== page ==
James King: trans-Atlantic historic racer

Historic Racing

American racer James King, now 70-years-old, is competing in major historic events on both sides of the Atlantic. He’s raced against some of the sport’s biggest names and is still racing and winning after half a century in the sport.

When did you start racing?

“I started when I was a senior at university and I was 21. That was the age limit in the States back then. So I converted my road-going Porsche roadster into a race car and got my licence. I competed until I got drafted into the army. I came back from Vietnam, sold the Porsche and bought a Formula Ford. It was the first ever production Royale in 1969. I did that for two or three years and then started racing in Formula B with a March 712. I was in the famous race at Trois Rivieres when James Hunt got beaten by Gilles Villeneuve. Gilles was on pole and I was right behind Hunt on the grid. But I crashed out of the race and wrote off the chassis. I was trying to keep up with those guys.”

When did you first come to Europe?

“I came to England in 1977 for Formula 3 in the works March. We all thought we were going to be in Formula 1. The only F2 race I did was at the Nurburgring in 1978. March owed me some money and I ended up with a 782 rolling chassis and did one race at the ‘Ring and couldn’t raise any money so that was it for that year. All the time I was here I was working for a company and we had distributors all over Europe.”

Did you race back in the US?

“I went back to the States and bought a March 79B from Doug Shierson and raced in Formula B again. We won the national championship in 1982 in a Ralt RT4. I did a handful of pro races after that and did Daytona with some friends and some Camel Lights. I stopped racing at the end of 1987 with a podium at St Petersburg. After racing for 20 years, I thought that was pretty good. We had a family business and I got well stuck into that, got married, had children; all the usual things.”

What drew you back into racing?

“Doug Shierson found the Beta March that Vittorio Brambilla drove in the 1975 Trois Rivieres Grand Prix when he won the race. He was the only import to ever win that race. It was all local guys except for Vittorio. So Doug bought the car and we raced that for a while starting in 1993. Our business was acquired in 1998 and I was afforded a lot more time and a little more cash to go racing. I have good friends like Bobby Rahal and Danny Sullivan.”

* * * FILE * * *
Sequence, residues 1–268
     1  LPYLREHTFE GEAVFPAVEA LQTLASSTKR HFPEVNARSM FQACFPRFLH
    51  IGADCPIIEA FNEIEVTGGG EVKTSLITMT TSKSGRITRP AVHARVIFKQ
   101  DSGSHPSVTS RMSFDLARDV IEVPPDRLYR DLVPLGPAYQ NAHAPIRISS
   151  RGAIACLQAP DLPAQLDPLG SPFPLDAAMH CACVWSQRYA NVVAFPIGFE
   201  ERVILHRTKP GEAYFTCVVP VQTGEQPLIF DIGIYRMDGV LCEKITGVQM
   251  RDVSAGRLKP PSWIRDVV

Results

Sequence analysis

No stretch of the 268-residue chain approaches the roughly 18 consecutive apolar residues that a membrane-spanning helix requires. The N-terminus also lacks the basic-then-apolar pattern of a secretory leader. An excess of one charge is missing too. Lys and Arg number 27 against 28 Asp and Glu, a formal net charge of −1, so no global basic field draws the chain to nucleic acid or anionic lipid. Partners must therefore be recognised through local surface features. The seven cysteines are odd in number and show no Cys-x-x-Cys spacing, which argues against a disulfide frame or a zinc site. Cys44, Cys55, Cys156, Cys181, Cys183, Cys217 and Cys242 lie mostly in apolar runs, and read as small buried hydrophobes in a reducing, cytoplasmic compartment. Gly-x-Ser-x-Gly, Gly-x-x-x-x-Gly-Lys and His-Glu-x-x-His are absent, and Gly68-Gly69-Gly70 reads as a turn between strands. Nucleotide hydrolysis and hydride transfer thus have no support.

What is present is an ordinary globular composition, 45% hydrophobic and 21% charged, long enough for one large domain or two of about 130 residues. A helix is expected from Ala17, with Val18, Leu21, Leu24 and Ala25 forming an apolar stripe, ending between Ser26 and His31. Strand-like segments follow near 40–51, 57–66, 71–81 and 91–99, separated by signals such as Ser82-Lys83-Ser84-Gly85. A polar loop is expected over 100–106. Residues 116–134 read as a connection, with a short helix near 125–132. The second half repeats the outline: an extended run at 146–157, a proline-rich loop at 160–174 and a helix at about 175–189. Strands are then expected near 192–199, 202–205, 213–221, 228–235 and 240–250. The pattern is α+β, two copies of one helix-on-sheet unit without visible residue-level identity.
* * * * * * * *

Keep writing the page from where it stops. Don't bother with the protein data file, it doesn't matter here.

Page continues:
When did you get involved in Historic F1?

“We brought a March 761 over here in 1999 and ran it in TGP and had a pretty good season. The next year we started Historic Grand Prix in the States and organised races for 3-litre F1 cars in North America. We did the US and Canadian Grand Prix support races, Indycar races and all the big vintage races. We ran that for 14 seasons and then Ron Maydon took it over at the beginning of 2014. He wanted to expand into the States and we decided we’d had a pretty good run and that it was time to go.”

Which is your favourite car?

“Duncan Dayton is a good friend of mine and he got me into the one-and-a-half-litre F1 cars and I found the car that Dan Gurney drove to win the French Grand Prix in 1964. I was bumming around Europe that summer and I was at that race and I’ve got great memories of those events. It was a Brabham BT7 with a Climax V8. We’ve run that at Goodwood and Monaco and won both of them over the years and the biggest benefit is that I got to be friends with Dan because of the car. He could not have been more gracious and generous with his time and it has just been a great relationship. For me, that’s the real jewel of historic racing!”

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